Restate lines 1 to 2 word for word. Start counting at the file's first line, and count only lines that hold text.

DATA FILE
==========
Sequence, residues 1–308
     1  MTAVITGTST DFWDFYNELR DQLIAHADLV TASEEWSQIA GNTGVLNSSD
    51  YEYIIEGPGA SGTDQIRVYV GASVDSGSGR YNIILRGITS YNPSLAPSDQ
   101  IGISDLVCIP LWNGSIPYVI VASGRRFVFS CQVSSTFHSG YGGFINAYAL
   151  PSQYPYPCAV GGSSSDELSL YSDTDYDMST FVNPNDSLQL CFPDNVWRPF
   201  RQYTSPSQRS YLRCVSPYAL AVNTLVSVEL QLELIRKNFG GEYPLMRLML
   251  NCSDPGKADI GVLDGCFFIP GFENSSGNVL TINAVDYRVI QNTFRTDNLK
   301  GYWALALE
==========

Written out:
Sequence, residues 1–308
     1  MTAVITGTST DFWDFYNELR DQLIAHADLV TASEEWSQIA GNTGVLNSSD